August 9, 2016 | Written by: Oystein Haaland
Categorized: Blog | Environment | Manufacturing
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Savvy leaders already understand that the Internet of Things will radically reshape the way we do business in the years to come. But the extent of this transformation can’t be overstated. According to a McKinsey report, IoT brings with it a total potential economic impact of $3.9T to $11.1T by 2025. Nowhere will this impact be felt as significantly as the energy sector, where the economic impact of connected devices and analytics may reach $930B from mining, oil and gas companies in the next ten years*. Companies who figure out ways to extract insights from more of their IoT data, and to separate valuable data from noise, are poised to reap the greatest economic benefits of IoT, while stragglers risk losing out to competitors.
But unlocking the value of IoT is easier said than done in a complex industry like energy. Though sensors have become inexpensive and are widely used, the sheer volume of data being produced has become unwieldy. Massive amounts of data are being created at the edge of the network:
- Utility companies may process 1.1 billion data points per day
- A large refinery generates 1TB of raw data per day
- A single large offshore oil rig can produce terabytes of data daily*
The challenge for businesses is how to get the insights they need from data despite the fact that their equipment may be operating remotely – with an intermittent network connection or in a location where bandwidth costs may be prohibit transmitting sensor data to the cloud.
IoT data challenges on a single oil rig
A recent McKinsey report looked at IoT data on a single oil rig, and the findings were startling. As little as 1% of the data generated was ever used for decision making. The rest seems to disappear into a sort of “data black hole.” So where is the other 99% of data going?
Where is 99% of the data going?
Most of the missing data is lost right at the point of collection. Because of this, data can’t traditionally be managed or analyzed in real time.
Unfortunately, existing solutions fall short of meeting these data challenges. On-premise IoT solutions are often expensive to implement and, for businesses running remote operations, may require IT skills in remote locations. They also create data silos; in the age of IoT, a business needs to be able to analyze data across all of their hundreds of rigs. Alternately, implementing cloud-only IoT solutions can be an equally tough sell for businesses with remote operations. The cloud can give you visibility across all of your assets and sites, but the cost of transmitting data centrally for analysis can quickly become prohibitively expensive.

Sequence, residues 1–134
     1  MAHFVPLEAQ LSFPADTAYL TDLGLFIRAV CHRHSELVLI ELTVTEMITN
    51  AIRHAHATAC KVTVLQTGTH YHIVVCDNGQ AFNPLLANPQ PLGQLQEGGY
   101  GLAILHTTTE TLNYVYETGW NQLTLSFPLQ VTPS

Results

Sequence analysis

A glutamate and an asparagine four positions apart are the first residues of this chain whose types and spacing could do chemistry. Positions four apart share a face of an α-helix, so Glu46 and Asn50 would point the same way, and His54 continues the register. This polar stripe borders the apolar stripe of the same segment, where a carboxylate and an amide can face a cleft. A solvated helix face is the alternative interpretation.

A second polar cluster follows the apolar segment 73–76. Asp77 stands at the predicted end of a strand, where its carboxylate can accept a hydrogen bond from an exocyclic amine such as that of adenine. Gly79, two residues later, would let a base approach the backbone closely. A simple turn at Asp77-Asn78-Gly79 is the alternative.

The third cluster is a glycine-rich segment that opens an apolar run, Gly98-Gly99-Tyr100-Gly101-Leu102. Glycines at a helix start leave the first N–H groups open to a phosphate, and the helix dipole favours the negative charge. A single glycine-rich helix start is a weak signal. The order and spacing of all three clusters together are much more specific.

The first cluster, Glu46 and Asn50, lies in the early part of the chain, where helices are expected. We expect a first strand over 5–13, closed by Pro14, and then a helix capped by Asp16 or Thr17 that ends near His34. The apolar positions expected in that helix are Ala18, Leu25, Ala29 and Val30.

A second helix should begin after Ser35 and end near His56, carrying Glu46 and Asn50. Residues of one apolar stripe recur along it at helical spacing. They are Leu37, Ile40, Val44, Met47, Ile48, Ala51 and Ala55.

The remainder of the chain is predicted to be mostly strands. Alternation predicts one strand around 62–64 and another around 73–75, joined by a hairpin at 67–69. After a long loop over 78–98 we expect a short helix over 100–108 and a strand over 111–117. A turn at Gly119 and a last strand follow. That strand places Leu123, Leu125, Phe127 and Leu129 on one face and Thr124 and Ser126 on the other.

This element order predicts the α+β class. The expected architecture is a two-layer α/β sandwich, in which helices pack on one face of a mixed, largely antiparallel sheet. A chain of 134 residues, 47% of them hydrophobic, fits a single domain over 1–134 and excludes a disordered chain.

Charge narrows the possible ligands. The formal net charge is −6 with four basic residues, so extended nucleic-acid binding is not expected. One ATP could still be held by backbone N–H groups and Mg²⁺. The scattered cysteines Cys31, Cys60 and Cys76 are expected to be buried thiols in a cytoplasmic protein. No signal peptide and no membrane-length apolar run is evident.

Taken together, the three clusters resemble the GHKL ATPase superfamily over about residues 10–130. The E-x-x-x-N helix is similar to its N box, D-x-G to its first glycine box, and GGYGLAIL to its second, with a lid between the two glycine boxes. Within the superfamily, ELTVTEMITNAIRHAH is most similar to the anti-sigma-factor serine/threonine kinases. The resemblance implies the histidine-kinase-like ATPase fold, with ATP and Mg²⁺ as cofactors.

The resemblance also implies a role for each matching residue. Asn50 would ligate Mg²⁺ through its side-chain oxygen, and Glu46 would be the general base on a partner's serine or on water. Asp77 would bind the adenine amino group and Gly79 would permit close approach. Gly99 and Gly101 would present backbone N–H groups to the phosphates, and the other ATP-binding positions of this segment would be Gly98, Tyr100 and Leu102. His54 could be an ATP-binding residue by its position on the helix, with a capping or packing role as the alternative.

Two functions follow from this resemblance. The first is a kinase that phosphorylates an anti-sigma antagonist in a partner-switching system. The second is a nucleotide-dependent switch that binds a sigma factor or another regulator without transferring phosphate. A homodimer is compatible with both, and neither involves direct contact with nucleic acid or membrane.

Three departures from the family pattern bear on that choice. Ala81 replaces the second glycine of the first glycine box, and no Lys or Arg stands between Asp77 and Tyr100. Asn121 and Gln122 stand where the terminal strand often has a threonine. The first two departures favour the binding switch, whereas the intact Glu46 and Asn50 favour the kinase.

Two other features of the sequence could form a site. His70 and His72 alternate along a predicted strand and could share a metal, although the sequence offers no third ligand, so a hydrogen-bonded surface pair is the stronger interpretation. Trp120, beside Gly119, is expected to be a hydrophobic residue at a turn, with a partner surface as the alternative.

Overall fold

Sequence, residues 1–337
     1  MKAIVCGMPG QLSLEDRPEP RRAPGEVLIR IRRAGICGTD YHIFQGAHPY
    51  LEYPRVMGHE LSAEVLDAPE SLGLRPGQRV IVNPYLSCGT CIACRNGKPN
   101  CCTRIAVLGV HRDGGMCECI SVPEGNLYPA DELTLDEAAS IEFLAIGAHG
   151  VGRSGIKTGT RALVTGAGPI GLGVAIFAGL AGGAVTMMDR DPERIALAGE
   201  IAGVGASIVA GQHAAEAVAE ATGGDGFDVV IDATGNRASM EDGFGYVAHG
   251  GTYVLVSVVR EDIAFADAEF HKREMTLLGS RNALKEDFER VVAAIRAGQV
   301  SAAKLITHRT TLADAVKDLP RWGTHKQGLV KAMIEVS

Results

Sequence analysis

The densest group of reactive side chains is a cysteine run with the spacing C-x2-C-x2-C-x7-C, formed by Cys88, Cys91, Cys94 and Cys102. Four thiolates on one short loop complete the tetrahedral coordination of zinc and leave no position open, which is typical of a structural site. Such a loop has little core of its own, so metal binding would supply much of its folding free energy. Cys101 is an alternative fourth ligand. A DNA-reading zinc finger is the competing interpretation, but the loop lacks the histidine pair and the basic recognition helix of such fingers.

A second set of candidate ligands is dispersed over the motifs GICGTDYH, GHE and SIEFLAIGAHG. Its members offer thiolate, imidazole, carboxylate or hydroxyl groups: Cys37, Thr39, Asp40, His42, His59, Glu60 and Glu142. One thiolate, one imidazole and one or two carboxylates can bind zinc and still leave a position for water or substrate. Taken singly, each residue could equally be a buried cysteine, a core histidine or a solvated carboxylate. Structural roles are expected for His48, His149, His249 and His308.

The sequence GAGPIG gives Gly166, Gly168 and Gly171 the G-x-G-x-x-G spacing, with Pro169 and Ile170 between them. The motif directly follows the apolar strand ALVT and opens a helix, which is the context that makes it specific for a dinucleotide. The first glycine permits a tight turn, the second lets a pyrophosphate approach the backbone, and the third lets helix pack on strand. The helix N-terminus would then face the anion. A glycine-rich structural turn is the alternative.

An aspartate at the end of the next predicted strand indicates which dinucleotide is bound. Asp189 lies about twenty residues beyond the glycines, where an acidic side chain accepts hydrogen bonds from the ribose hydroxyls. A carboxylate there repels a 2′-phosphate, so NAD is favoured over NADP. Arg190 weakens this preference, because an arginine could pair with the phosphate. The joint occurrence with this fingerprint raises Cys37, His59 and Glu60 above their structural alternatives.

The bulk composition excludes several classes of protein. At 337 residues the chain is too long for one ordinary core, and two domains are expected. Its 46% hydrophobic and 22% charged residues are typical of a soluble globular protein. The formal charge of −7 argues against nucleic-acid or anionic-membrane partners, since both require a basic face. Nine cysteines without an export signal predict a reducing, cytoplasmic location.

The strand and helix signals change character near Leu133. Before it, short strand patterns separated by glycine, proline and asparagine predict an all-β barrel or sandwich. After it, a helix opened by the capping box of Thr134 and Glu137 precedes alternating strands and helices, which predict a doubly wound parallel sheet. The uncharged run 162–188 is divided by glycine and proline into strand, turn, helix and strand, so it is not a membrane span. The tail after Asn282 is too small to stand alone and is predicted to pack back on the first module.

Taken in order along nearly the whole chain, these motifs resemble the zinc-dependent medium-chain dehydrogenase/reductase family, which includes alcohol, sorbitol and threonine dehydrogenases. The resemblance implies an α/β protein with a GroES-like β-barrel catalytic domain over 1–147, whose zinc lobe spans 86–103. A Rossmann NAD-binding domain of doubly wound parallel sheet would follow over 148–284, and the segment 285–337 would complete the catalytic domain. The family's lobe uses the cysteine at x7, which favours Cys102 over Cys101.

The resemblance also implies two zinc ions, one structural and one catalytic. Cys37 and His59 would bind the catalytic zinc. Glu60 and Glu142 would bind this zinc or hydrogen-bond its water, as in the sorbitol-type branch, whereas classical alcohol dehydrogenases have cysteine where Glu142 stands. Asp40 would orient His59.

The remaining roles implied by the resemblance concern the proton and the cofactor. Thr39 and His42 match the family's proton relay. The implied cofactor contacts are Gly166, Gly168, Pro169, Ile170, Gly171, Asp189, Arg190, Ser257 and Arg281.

What’s needed is a breakthrough new approach – one that brings the analytics to the data, rather than the other way around.
Analytics at the edge: A new hybrid approach to IoT
IBM and Cisco have teamed up to provide real-time IoT insight at the edge of the network, providing businesses in remote locations with the ability to tap the combined power of IBM’s Watson IoT and business analytics technologies and Cisco’s edge analytics capabilities. Now businesses to more deeply understand and act on critical data on the network edge. This first-of-its-kind solution offers a new way to produce immediate, actionable insight at the point of data collection. It’s a breakthrough approach, designed to help companies operating on the edge of computer networks such as oil rigs, factories, shipping companies and mines, where time is of the essence but bandwidth is often lacking.
This new capability — enabling businesses to perform analytics where they make the biggest impact — will allow businesses running remote and autonomous operations, and those managing fleets of assets, to truly tap the value of their connected devices.
The economic impact
Benefits for the energy industry
Critical business operations in the oil and gas industry, can’t afford to shut down when a network connection is lost, They often can’t afford the extra time it takes to send data to the cloud and back. Analytics at the edge will enable these businesses to run business analytics instantly at the edge, while data flagged as high-value can be transmitted to the cloud to be analyzed by the cognitive Watson IoT Platform in the cloud, strengthening overall analytical performance and insight.
Remote operations — such as an oil platform in the middle of the North Sea or in the Gulf of Mexico or a mine deep underground — can now evaluate their remote sites for hazards, triggering action based on safe operating directives at the edge. External conditions such as weather can be monitored, triggering mitigation plans. And asset performance can be evaluated at the point of monitoring, driving corrective action and reducing wasted work.
Companies managing fleets of assets, whether trucks, tankers or oil rigs, will now be able to monitor geographically dispersed assets by choosing precisely what data is best analyzed at the edge and what should be transmitted centrally.
With this first-of-its-kind hybrid offering, IBM and Cisco have taken a very important first step on the path toward helping businesses across the energy industry harness the value of IoT, at the edge, in the cloud or wherever their needs demand.
Want to learn more?
Visit our edge website to watch a replay of the groundbreaking announcement, view our infographic, hear client voices and more.
- McKinsey https://www.mckinsey.de/sites/mck_files/file/unlocking_the_potential_of_the_internet_of_things_full_report.pdf
- Source: Cisco Consulting Services Global IoT Study, 2014